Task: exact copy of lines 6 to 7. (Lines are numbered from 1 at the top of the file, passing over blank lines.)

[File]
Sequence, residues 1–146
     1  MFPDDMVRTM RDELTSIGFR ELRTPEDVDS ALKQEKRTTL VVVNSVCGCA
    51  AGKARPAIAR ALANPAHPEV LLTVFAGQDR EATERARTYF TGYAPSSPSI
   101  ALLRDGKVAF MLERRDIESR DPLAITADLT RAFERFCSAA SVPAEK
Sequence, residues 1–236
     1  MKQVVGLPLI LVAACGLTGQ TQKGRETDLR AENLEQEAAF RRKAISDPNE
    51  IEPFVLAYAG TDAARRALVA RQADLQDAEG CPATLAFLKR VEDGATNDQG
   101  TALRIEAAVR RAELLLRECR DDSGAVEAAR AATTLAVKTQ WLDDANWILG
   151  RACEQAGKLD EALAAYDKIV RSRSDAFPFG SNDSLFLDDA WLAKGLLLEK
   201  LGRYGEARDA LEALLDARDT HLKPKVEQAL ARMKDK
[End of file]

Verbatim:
     1  MKQVVGLPLI LVAACGLTGQ TQKGRETDLR AENLEQEAAF RRKAISDPNE
    51  IEPFVLAYAG TDAARRALVA RQADLQDAEG CPATLAFLKR VEDGATNDQG